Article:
Brinsley Samaroo found his ancestors in India

(Trinidad Guardian) University of the West Indies history professor, Dr Brinsley Samaroo, great-grandson of indentured Indians, in a moving search for his roots in India, found his relatives in the village of Baraich in Uttar Pradesh and keeps a close connection with them.
A graduate of Delhi University and descended from the Somaroos from Bahraich in Northern India, Samaroo said he has been travelling frequently to India after his studies there to do research and bond with his relatives.
“I can go back at will to my village and I am treated well.” He said they actually had a piece of land that was left for his great-grandfather which they offered him. “They joked, do you want that or can we take it.”
Samaroo, a Presbyterian, said he is valued by his Hindu Indian relatives because he fills a void in their lives created when his great-grandparents left India.
He said to this day Indians in Baraich and different villages in Uttar Pradesh and Bihar, where the majority of Indian immigrants came from, yearn to know where brothers, uncles, other relatives went, if they were killed or suffered.
“It pleases me that I am able to go to their villages and fill that void, give them some kind of closure. I tell them about the villages the Indian created here and they are happy to know they did not come here and were killed.”
He said Baraich was a village when his great-grandparents left it but is now a thriving agricultural town cultivated with pomegranate, mango, pineapple, guava, rice, lentils and even sugar cane.
“It’s quite big now and it was with great difficulty I was able to find the particular region from where my great-grandparents came.”
Samaroo said he meets people in these villages looking just like Trinidadian Indians who eat the same kind of food prepared in exactly the same way.
“When you go to these villages you get food your mother used to make, sada roti, dhalpuri, talkari made with exactly the same ingredients. You see the Indian from whence you came still very much alive.”
He said India has started doing research into Indian indentureship and has actually begun to celebrate Indian Arrival Day and it is becoming quite popular there.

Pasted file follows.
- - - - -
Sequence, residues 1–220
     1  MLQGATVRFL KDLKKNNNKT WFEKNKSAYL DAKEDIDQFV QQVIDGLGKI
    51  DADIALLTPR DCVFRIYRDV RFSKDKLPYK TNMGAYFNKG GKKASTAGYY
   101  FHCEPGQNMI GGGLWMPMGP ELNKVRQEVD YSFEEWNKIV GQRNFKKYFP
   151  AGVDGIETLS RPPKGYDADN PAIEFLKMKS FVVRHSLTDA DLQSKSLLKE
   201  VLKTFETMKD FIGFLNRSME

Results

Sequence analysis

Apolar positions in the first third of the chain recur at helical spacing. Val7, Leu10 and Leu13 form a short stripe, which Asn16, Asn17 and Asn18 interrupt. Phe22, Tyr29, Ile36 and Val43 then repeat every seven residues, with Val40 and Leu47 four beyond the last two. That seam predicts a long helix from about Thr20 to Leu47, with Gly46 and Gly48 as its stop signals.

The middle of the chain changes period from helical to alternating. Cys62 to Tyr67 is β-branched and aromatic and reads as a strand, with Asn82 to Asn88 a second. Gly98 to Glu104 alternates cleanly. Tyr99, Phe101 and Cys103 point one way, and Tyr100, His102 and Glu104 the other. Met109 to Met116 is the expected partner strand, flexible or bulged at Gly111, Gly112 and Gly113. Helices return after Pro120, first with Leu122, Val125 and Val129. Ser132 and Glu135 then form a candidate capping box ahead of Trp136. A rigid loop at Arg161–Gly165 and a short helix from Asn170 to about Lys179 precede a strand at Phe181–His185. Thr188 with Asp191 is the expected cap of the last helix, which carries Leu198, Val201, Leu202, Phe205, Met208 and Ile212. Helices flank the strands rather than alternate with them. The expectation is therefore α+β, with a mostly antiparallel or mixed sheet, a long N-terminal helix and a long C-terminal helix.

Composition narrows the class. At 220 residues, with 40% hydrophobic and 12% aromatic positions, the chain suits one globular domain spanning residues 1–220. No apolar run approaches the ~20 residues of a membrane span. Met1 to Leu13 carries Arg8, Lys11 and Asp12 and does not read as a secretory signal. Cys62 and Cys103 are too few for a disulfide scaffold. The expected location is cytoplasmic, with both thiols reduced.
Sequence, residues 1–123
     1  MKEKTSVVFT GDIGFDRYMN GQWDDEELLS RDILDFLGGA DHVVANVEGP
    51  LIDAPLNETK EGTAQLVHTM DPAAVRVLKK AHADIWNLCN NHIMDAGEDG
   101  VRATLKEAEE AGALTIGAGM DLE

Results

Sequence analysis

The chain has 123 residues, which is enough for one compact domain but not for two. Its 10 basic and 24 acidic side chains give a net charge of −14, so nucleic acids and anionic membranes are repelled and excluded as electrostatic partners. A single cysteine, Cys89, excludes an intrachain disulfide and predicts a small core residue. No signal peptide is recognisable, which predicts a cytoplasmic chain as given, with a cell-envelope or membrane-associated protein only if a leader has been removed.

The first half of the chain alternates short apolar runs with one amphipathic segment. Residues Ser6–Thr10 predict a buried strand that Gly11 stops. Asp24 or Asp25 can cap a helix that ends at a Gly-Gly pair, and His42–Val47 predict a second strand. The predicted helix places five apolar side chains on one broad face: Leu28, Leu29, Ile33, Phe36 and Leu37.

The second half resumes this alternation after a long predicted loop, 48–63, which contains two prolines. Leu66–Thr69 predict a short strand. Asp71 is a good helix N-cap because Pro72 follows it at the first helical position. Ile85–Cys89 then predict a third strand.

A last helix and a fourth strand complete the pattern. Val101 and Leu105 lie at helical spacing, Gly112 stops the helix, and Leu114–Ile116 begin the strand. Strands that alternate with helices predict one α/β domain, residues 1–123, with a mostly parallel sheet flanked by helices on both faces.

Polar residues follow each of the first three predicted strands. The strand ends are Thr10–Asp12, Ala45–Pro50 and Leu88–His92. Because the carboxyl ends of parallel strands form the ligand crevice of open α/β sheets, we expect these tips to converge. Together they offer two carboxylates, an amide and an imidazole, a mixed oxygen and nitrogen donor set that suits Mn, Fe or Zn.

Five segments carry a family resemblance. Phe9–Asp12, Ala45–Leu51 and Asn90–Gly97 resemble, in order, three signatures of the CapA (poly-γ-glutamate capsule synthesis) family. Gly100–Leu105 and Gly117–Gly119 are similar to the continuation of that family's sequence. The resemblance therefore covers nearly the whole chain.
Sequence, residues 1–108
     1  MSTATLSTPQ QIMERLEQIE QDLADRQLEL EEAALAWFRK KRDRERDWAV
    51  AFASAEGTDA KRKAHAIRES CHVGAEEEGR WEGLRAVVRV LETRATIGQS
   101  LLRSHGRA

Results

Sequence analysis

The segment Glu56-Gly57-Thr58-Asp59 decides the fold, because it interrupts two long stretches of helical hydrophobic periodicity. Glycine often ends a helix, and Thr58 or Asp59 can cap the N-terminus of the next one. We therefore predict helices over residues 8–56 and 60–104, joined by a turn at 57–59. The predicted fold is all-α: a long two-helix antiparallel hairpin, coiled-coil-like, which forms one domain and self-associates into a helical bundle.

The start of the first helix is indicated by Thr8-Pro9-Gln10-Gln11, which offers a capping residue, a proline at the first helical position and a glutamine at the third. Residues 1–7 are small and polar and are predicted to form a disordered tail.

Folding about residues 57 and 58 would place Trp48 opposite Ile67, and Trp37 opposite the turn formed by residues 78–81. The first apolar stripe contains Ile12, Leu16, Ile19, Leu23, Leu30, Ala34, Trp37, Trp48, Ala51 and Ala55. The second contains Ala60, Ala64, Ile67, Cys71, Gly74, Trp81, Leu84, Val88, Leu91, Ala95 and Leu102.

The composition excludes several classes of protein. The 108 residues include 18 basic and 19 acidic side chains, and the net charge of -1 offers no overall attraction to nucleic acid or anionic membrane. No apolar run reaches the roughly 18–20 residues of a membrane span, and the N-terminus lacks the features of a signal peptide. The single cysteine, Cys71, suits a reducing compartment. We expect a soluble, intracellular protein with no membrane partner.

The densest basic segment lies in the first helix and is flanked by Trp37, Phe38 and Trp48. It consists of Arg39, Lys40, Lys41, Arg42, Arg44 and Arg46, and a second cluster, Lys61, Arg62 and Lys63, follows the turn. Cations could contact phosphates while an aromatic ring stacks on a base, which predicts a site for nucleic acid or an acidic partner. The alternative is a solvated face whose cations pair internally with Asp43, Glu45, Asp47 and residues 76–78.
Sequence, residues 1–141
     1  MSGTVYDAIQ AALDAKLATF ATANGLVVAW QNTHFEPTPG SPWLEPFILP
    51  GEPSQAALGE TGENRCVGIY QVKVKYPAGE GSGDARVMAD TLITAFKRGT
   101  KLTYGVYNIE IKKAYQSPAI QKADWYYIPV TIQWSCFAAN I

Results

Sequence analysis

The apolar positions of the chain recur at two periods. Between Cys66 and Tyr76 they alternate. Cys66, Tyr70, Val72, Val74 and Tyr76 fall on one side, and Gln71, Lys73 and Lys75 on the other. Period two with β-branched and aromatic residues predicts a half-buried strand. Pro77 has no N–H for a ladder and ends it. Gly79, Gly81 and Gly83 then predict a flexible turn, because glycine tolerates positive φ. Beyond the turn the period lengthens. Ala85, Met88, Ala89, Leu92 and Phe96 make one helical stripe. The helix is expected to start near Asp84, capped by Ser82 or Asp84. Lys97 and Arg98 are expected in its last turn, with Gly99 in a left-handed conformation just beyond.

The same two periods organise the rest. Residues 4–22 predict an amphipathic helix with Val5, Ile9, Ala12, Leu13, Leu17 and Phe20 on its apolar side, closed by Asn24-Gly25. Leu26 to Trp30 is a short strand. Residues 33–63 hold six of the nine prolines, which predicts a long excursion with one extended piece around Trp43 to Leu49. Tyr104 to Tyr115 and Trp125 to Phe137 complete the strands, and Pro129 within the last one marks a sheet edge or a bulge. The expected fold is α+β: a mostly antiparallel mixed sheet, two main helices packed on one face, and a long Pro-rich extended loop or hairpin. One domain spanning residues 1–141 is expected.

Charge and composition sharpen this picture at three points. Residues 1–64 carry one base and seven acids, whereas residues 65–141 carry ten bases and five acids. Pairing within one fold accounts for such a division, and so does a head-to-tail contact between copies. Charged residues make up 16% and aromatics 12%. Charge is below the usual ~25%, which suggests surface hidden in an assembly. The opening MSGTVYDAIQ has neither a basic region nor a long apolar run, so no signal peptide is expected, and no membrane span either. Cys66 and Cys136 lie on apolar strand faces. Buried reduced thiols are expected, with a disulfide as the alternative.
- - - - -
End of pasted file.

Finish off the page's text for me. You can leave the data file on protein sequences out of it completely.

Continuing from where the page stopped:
Samaroo, who did specific research on the humble jahaji bundle Indians brought here with them, spoke to the T&T Guardian on the eve of Indian Arrival Day on his Indian roots and how 143,939 Indians who arrived here between 1845 and 1917 not only changed the economic and social landscape of T&T but its physical space, as well.
He has been going to schools in different areas, like Penal/Debe, giving students lectures on the jahaji bundles brought to T&T by Indians, modest pieces of cloth tied to long sticks, which carried the seeds of new fruit trees and vegetables which were to later change the literal geography of the island.
Given swamplands by the colonial authorities after their indentureship was over, they also transformed wet, marshy areas, like Felicity, into thriving villages.
Samaroo said Indians who came poor, bedraggled and as semi-slaves have today transformed themselves and the geography of the Caribbean islands where they settled.
“In their jahaji bundle, which was like a very large three cornered handkerchief tied to the top of a large stick, they brought a remarkable range of seeds of fruit, vegetables and herbs we didn’t have in the Caribbean.

Dr Brinsley Samaroo
“Like mango, pomegranate, guava, downs, cowa, karaille, bodi, mustard, different varieties of dhal and rice, a whole range of bhaji, cinnamon, clove, cumin.”
The Indians brought ganga (marijuana) to the Caribbean because it was not illegal and prohibited and used it very sparingly as a form of relaxation in the evening, he said.
Samaroo said Indians were given the worst lands after their indentureship, the swamplands of Caroni, Oropouche and Nariva.
“If you go and look at these swamplands now, you see remarkable transformation. Indians had thousands of years of experience in India in converting swamplands to profitable lands.
“In places like Felicity, Barrackpore, Plum Mitan, they changed the physical geography by draining and cultivating these areas and making them profitable.
“Indians created villages where there were no villages before out of swamp and jungle and gave them ancestral Indian names, like Chandanagore, which means place where the moon shines, Calcutta Settlement Number One and Two, Madras Settlement, Coromandel, Malabar, Barrackpore, Fyzabad and Eli Road.”
Samaroo will lecture on Indian indentureship at the Sangre Grande Civic Centre at 11 am today.
“When you go to these villages you get food your mother used to make, sada roti, dhalpuri, talkari made with exactly the same ingredients. You see the Indian from whence you came still very much alive.”

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